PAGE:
The Lord of the Rings 3 book boxset (movie covers) Mass Market Paperback – 7 Oct 2002
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Let's face it--even some adults find Tolkien's mammoth fantasy a daunting mouthful but children now have this special seven-book box set of The Lord of The Rings to make the epic tale just that bit easier to chew on. Split into its seven constituent parts, these slim volumes tell the ageless tale of young Frodo's quest to destroy The Ring and defeat the forces of evil. It's beautifully presented in a black presentation box with the movie logo and an illustration on the side and the spines of the books also form the movie logo. A contemporary look and plenty of "cool appeal" will grab kids' interest and ensure they don't miss out on reading this classic of the genre. --Jonathan Weir --This text refers to an out of print or unavailable edition of this title.
A flawless masterpiece” The Times
Extraordinarily imaginative, and wholly exciting.’ The Times
‘The story itself is superb.’ Observer
‘A most remarkable feat.’ Guardian
‘An astonishing imaginative tour de force.’ Daily Telegraph
‘Tolkien was a storyteller of genius.’ Literary Review
‘Amongst the greatest works of imaginative fiction of the twentieth century.’ Sunday Telegraph
‘When it comes to the nation’s favourite books, one title runs rings round all the others. J.R.R. Tolkien’s The Lord of the Rings was chosen by an astonishing 20 per cent of readers in the survey conducted by W H Smith.’
Daily Mail, 4 August 2000
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Top Customer Reviews
Tolkien was not a career author, he didn't set out to write a searing page-turner, a wizzbang tale of derring-do in 500 sizzling chapters. Gandalf doesn't hurl raging fireballs at enemies, Aragorn doesn't have a sex scene with Arwen while doing Eowyn behind her back, there's no pandering to the lowest common denominator to flog a few more copies.
Tolkien barely cared if no one ever read it. He was writing it largely for himself and his friends and family.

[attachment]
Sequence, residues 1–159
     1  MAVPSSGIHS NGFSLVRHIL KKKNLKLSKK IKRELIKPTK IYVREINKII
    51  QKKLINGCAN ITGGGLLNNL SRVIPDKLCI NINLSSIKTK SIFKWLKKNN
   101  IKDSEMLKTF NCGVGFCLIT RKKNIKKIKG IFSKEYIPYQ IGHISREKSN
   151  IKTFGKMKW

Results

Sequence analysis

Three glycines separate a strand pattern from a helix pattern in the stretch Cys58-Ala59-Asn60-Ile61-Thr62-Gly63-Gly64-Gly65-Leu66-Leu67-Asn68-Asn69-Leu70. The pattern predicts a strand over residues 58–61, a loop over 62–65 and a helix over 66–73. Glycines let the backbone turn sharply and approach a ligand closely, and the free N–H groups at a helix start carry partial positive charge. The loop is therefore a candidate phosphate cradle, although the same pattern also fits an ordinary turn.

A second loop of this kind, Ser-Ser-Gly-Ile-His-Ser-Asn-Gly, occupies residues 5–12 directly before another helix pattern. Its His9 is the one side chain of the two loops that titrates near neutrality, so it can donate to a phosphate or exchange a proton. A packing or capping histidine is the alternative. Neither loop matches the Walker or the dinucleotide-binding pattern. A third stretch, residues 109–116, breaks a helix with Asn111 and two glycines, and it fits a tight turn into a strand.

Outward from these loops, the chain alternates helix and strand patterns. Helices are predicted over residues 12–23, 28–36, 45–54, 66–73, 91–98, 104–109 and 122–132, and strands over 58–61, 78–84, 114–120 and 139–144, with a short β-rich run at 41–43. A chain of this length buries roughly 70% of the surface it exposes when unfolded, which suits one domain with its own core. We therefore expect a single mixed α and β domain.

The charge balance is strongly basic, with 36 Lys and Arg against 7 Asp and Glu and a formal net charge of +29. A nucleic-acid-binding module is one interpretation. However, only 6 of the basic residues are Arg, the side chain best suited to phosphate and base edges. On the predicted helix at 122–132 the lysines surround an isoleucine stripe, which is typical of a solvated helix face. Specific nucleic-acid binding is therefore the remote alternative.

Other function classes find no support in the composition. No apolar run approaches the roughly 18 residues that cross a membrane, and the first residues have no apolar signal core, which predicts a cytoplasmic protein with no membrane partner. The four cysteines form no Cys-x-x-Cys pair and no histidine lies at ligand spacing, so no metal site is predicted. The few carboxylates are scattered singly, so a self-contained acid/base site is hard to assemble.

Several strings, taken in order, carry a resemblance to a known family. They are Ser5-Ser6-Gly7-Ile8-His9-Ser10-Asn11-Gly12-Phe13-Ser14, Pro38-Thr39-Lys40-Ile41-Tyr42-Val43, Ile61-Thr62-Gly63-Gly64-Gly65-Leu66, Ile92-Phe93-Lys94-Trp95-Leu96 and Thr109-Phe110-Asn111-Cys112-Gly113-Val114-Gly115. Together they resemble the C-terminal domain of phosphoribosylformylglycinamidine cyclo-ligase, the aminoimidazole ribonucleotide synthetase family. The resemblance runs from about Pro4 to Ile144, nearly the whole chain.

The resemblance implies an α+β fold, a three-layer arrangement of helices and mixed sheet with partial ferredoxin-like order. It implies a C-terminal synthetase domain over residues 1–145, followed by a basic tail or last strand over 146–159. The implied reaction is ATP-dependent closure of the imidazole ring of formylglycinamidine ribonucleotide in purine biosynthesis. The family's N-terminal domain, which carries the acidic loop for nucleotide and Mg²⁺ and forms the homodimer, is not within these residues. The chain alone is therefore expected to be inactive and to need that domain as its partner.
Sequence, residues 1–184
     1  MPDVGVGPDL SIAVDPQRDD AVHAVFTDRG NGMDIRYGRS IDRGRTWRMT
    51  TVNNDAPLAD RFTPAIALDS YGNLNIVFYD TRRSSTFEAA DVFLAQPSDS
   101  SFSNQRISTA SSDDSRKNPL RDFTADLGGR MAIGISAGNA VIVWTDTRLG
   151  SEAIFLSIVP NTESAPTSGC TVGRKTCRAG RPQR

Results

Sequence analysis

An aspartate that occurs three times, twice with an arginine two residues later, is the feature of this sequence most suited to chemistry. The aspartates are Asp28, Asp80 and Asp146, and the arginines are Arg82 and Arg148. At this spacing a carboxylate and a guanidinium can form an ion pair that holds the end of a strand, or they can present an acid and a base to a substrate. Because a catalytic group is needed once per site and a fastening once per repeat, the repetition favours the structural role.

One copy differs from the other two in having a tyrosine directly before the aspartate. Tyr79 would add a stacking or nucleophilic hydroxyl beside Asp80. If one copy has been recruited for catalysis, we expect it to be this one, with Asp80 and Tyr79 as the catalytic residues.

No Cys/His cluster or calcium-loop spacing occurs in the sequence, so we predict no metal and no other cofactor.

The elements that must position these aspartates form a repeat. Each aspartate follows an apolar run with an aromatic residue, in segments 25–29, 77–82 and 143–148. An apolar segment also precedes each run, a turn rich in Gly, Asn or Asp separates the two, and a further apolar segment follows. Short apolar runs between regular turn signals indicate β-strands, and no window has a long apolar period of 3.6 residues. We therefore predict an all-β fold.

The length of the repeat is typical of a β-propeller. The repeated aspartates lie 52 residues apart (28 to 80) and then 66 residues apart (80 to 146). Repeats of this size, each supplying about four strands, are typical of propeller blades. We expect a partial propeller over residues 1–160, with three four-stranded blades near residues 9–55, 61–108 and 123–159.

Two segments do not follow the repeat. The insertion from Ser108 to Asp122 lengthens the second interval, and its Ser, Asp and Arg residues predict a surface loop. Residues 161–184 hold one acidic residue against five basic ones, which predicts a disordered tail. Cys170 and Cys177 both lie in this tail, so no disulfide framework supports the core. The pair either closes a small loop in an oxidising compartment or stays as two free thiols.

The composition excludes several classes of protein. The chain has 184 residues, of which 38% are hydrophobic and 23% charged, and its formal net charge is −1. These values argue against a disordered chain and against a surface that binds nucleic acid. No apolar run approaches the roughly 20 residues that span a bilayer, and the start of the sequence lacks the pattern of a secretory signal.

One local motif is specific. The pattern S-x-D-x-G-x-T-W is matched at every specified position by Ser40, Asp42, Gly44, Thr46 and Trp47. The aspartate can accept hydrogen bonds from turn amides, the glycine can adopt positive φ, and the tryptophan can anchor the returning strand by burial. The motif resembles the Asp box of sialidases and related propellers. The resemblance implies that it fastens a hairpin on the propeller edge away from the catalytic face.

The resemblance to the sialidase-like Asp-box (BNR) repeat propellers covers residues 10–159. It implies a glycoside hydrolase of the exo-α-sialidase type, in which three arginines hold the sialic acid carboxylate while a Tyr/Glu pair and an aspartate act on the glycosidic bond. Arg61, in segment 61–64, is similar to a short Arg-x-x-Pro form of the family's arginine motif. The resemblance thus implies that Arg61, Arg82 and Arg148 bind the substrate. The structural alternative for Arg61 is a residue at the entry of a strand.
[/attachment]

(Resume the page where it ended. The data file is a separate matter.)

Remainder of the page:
You're all guilty of confusing the result of Tolkien's legacy and influence (virtually every other fantasy novel, movie or game) with his actual work, and expecting to see in the father what you've seen in his unruly children.
Judge it for what it is, not for what you wanted it to be as a modern fantasy reader.
Well, clearly the publishers have spent some time thinking about how to add both quality and usability. There are two fold out maps printed in black and red. Not spectacular and in size these cover no more space than if they were printed across two pages. However, because they are fold out they are easier to read and if left "folded out" can be referred to whilst reading text on other pages.
The slip cover works well and is has a sturdy feel. The paper has a quality (non glossy) feel and is much whiter than other versions (especially the paperback) I have seen. Combined with a very crisp font this makes the book easy to read, something I struggle with in some of the cheaper published versions. Somehow when the book is closed after use the pages easily compress back to their original size making the slip case easy to use without the case being oversized.
It would have been easy for the publishers to have fallen into the trap of printing this book in the larger format of some Lord of the Rings books. However, the Lord of the Rings is a long story and these larger formats are very difficult to read due to the weight of the books. This book can actually be used!
Overall the book has an understated feel of quality which will grow on you. However there is no getting away from the premium price.Read more ›